Srijan Maskey was the first person I met when I moved into my Kathmandu neighborhood. He lived across the street from me and wore cute little glasses while playing with a tire. He was both awkward and self-possessed in the way that only fifteen year olds can. I asked his name and he said: "Srijan."
"What?" I asked.
"Srijan," he said again, and laughed. "But you can just call me SJ."
SJ lived with his 13-year-old brother, Ranjan (RJ), and their parents in three rooms across the street from me. The four of them lived in the two back rooms, and the front room was a little shop that would soon become my lifeline. It was where I bought all my vegetables, learning the names of some I never heard of, and discovered that the Nepalese liked all of their food extra spicy. But they would find things that my stomach could handle, and even smuggled in Diet Coke from India to feed my terrible habit.
Although their parents spoke mostly Nepali, SJ and RJ spoke English beautifully. Like so many of their generation, their parents were raised in their small Nepali villages and came to Kathmandu when their children were young to provide them with a better education.
SJ and RJ called me Miss Lauren at first, but it wasn't long before I became Mommy. They were both incredibly intelligent. They would tell me about their studies, and asked for English books to read. I gave them some of the classics I had brought with me: Of Mice and Men, To Kill A Mockingbird, Frankenstein, The Old Man and the Sea, Fahrenheit 451. They went through them like water. When my husband visited he supplied his treasures: The Hobbit, Dune, Lord of the Rings. SJ and RJ loved them all.
At around 5am each morning, I could hear the boys open the shop and prepare for everything while I slept in for another hour. They worked at the store until it was time to go to school. Back home in the afternoons, they worked at the store while doing their homework. Their father and mother both worked other jobs as well, and took turns at the store during the day. About the second time I lost my apartment key, the boys started to keep an extra one for me. And they also made sure I had a steady supply of my favorite popcorn. As the only foreigner living for miles around, the Maskeys made me feel safe and cared for. I learned so much about their lives. I knew that SJ loved computers from the inside-out, and RJ sometimes got terrible stress headaches. I loved having these two beautiful sons in my life. When it was time for me to head back to the US, it was very sad to say goodbye. I did not realize, however, how temporary it was to be. With the help of family, people from their village, and The Blue Butterfly Foundation, it seemed like a miracle when RJ made it to the US to go to college. He first studied in Mississippi and then in Texas. It was not an easy transition in any way. RJ had never spent a night apart from his parents or brothers, and suddenly he was in a faraway land where everything was so different than what he had always known. He would suffer from depression, but tried to keep his pain from his family. I worried about him a lot. I wanted him to move near me. A year later, though, there was some sunshine. SJ also was able to come to the US, surprising me. This is not an easy process, and the boys had worked very hard and had the help of a community to get there. SJ went to a school in Minnesota, and RJ has recently joined him. SJ is studying computers, and RJ wants to be a biomedical engineer. They both worked about 80 hours this summer and continue working 40 hours throughout the year while going to school full-time. When I hear about immigrants, I think of my two amazing sons, who have made me more proud than I could ever imagine.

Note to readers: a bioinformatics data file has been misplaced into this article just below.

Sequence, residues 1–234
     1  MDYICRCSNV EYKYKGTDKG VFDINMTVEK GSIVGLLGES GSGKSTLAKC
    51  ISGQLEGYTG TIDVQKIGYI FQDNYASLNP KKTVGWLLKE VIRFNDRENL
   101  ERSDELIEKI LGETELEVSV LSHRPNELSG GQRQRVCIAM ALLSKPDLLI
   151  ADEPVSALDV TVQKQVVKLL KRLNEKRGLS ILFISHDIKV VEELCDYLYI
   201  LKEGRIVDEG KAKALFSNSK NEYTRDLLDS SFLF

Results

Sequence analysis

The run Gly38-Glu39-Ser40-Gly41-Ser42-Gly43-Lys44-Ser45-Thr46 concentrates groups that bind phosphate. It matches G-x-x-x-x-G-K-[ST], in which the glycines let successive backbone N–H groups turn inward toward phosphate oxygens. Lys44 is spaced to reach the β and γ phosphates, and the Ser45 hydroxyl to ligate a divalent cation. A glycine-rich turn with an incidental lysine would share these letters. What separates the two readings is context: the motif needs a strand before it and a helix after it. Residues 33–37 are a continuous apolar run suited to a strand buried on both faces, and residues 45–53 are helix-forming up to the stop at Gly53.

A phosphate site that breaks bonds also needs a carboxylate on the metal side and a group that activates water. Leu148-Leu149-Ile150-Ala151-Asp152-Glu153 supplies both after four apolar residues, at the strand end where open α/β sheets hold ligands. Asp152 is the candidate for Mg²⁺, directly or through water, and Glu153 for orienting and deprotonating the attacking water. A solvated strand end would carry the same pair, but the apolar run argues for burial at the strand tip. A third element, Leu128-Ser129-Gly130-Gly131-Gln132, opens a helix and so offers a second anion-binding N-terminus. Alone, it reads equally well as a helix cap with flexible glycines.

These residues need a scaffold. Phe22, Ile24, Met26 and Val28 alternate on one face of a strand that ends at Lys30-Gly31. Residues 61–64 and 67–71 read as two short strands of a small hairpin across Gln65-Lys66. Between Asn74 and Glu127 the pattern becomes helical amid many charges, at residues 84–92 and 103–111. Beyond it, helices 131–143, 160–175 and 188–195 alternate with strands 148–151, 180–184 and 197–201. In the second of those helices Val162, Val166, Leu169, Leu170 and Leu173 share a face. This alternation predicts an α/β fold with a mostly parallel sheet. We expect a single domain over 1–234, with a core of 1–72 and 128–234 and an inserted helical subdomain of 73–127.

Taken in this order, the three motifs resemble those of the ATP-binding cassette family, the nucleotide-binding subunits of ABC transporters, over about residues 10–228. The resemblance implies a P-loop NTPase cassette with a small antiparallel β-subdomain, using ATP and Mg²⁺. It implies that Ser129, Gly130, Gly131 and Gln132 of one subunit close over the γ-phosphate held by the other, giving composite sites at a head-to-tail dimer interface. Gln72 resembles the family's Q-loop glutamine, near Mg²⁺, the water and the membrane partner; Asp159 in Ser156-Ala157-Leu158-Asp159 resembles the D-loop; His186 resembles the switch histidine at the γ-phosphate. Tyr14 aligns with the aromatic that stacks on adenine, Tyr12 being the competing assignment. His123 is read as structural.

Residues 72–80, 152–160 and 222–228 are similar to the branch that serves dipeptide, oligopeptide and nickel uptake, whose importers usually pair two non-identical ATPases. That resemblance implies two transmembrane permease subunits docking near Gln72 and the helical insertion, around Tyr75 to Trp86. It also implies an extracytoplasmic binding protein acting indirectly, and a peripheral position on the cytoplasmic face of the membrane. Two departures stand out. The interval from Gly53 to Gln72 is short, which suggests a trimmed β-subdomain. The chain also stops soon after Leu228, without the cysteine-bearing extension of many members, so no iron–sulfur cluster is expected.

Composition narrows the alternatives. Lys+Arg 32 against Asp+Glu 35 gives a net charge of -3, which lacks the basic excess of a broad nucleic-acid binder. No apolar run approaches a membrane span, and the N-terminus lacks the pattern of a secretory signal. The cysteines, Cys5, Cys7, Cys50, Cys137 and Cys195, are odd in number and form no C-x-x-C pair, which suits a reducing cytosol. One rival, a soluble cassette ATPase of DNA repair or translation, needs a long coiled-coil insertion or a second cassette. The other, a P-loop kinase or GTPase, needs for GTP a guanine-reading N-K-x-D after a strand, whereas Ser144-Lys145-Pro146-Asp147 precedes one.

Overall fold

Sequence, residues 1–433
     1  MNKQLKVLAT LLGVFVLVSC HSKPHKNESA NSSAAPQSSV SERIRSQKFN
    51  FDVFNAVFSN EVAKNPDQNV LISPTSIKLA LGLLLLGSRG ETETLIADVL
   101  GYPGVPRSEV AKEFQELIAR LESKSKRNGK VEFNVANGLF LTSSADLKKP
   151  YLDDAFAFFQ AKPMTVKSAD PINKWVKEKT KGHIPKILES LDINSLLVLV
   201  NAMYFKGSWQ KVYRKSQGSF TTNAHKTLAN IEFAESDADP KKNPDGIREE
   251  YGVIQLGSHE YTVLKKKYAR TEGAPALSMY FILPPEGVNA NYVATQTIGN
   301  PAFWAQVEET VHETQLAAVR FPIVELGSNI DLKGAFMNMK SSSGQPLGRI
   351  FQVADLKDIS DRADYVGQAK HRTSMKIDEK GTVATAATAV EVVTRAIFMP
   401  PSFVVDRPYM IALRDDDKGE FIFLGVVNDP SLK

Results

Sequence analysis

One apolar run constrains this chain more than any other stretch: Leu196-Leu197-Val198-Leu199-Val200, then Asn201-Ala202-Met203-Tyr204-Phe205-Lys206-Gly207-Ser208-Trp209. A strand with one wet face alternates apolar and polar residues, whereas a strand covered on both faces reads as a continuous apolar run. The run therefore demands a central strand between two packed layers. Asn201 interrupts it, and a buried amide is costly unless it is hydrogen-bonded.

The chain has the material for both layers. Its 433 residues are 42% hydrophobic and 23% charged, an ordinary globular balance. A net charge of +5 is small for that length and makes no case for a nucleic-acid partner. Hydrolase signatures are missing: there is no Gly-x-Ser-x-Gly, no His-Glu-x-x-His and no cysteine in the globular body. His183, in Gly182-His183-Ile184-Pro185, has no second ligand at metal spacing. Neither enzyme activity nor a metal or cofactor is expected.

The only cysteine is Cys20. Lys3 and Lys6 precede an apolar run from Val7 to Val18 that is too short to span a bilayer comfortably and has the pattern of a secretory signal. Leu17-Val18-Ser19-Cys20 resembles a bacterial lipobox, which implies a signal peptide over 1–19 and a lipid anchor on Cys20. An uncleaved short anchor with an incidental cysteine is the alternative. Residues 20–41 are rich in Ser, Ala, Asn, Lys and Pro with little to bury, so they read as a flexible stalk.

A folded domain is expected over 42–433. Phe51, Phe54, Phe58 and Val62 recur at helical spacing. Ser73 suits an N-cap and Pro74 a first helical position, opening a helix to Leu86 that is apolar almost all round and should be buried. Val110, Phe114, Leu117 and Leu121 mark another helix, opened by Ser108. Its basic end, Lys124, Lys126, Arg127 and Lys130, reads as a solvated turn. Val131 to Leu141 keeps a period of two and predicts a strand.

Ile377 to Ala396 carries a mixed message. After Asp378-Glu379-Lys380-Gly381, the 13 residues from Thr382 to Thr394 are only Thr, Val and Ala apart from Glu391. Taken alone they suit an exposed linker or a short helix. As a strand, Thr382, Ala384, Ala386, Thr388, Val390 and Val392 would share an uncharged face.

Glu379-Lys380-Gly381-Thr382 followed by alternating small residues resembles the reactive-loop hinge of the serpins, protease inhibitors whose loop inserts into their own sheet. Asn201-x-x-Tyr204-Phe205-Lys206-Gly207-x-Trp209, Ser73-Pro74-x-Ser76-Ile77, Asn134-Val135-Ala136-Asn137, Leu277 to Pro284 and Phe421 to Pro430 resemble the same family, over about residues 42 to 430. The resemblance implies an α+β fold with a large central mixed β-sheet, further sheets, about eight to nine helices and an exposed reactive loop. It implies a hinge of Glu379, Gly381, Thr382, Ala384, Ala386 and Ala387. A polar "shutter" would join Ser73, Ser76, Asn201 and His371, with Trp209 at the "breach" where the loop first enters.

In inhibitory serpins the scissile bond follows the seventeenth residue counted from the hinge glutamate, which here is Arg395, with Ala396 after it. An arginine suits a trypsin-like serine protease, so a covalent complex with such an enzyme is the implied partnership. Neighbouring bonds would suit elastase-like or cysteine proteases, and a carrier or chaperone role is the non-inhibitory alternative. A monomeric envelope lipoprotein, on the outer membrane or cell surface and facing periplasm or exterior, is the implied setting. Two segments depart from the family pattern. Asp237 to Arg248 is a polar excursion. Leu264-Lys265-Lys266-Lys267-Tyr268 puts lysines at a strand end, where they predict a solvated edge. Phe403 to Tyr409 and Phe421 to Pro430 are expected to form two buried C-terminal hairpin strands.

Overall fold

"It is better to light a candle than curse the darkness..."
- Eleanor Roosevelt